This impressive monument is one of the oldest and most important buildings of the city. Its present form is the result of successive building changes that represent various phases of the city’s history.
It is located on the hillside of the acropolis hill, in contact with the eastern wall of the city, on which it rests. Its initial phase, which is modern with the city walls, dates back to the years of King Philip II of Macedonia (in the 4th century BC) and its dimensions prove that it is one of the largest theaters of antiquity.
From this phase the retaining walls (vertical walls supporting the theater’s cavity) of the hollow, that is to say the place where the spectators sit and the lanes, the corridors leading to the orchestra of the theater, are preserved. At this time, the orchestra, the open-air central area where the actors play, was shaped like a petal.
In the 2nd century AD, the theater acquires a typical Roman form, with a magnificent three-story stage building, an orchestra paved with marble slabs and a hollow that extends over the lanes, covered with vaulted structures. An icon of this form of theater is given by the south portico of the building of the scene, which was recently restored and carved embossed plaques on the fronts of the pillars, with performances related to the god Dionysus (mainades, etc.). In the 3rd century AD, the theater turns into a behemoth arena. The foreground is demolished and the first rows of seats are removed. On the periphery of the orchestra rises a wall, 1,20 m high, with a railing to protect the spectators from the beasts. In fact, for the stay and the easiest transfer of beasts to the arena, a large orthogonal underground space was created at the southern end of the orchestra. At this stage, the pavement should be constructed, a vaulted structure in the upper part of the hollow, supporting new rows of seats and increasing the capacity of the theater. In late Roman times (late 3rd-early 4th century AD) the two arches had to be built to hold the theater in the neighboring wall.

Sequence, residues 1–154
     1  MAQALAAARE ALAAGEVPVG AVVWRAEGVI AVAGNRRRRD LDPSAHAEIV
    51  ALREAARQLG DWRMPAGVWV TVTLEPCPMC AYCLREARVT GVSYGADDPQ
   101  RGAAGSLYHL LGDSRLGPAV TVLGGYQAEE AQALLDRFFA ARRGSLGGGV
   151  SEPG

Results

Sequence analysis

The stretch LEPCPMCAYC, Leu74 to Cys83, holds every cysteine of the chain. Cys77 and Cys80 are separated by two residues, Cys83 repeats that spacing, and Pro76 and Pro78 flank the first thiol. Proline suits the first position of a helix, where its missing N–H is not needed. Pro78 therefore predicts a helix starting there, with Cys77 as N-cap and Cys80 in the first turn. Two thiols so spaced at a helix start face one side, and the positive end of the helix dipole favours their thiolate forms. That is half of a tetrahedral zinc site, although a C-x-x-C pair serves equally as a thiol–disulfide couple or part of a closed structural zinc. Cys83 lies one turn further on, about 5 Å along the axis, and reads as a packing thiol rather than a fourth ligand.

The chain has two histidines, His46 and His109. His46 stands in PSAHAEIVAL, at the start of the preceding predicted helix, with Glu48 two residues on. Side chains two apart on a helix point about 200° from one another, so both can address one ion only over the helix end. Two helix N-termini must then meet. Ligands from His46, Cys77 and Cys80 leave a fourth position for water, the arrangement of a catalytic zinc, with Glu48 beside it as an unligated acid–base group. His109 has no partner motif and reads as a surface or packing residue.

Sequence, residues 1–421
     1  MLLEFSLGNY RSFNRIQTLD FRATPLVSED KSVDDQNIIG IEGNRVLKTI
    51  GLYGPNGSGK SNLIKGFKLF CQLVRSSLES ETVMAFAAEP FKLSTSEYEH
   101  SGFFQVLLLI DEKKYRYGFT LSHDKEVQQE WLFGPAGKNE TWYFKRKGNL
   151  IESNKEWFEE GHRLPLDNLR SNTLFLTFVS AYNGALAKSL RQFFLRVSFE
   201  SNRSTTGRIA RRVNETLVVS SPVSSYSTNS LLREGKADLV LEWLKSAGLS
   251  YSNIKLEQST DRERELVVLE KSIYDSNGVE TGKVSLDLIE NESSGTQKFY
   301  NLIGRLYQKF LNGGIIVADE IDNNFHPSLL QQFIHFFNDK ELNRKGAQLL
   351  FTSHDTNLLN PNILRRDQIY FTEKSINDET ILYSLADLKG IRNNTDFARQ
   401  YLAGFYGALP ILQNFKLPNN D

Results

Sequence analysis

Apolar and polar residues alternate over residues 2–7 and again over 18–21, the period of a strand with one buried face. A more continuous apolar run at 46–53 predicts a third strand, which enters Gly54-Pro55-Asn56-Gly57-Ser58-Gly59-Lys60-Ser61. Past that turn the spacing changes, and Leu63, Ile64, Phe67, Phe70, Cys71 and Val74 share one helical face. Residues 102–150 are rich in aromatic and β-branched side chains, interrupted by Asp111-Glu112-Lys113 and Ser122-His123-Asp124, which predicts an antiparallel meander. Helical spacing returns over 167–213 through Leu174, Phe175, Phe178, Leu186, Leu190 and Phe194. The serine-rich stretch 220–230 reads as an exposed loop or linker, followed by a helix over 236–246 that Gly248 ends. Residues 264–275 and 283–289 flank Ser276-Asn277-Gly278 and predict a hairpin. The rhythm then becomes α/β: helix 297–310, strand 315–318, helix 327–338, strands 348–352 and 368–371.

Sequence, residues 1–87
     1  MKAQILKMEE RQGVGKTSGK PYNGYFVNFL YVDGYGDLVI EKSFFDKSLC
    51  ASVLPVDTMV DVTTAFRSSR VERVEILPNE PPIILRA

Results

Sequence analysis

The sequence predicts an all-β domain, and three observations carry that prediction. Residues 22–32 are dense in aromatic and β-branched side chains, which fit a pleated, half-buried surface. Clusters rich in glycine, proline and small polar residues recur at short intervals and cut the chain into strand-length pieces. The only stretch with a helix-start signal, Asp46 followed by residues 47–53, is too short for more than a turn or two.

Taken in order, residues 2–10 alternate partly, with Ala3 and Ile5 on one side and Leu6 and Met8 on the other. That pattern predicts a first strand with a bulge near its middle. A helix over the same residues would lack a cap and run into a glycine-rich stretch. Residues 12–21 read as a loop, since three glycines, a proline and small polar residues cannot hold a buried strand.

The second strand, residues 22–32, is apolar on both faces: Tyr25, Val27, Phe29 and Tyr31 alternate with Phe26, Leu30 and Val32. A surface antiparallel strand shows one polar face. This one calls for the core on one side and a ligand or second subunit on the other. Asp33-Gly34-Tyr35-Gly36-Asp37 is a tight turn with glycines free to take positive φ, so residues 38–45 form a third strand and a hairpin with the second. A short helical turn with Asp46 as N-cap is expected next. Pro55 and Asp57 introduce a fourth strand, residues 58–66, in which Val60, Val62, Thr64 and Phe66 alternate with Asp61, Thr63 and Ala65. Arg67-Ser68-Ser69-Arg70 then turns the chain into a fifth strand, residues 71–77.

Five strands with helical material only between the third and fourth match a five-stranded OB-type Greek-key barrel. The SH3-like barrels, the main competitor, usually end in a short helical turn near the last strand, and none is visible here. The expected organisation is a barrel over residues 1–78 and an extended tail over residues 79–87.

In the Early Christian years (5th-6th century AD) the theater ceases to function as a space of performances. Its abandonment must be related to the prevalence of Christianity and the new manners that were no longer in accordance with the beasts or theatrical performances. With the destruction of the scene by a fire, which is probably related to the great earthquake that destroyed the city of Philippi in the early 7th century AD., the systematic demolition of the theater began in order to use its particles as building material for the construction of new buildings.
During the early Byzantine years, the building of the scene and the area in the SE of the theater hosts workshops. Finally, during the Ottoman domination, the cobblestone road, which until the beginning of the 20th century connected Kavala with Drama, crossing the archaeological site of Philippi, passes in front of the theater.
The first information we have about the theater in modern times comes from European travelers who have visited the area since the middle of the 16th century. The systematic excavation of the theater begins in 1921-1927 by the French Archaeological School and continues at the end of the 1950s by the Greek Archaeological Department. During this time the theater received quick and rough interventions to serve the needs of the Filippi festival. When the theater of Filippi was restored in 1950, cement was widely used. Nevertheless, the monument has been restored for the most part and the result is impressive. Every summer the municipality of Kavala organizes the Philippi Festival, the second oldest festival in the country after that of Epidaurus. Excavations and restoration began again in 1974 and in 1993, which are still in progress.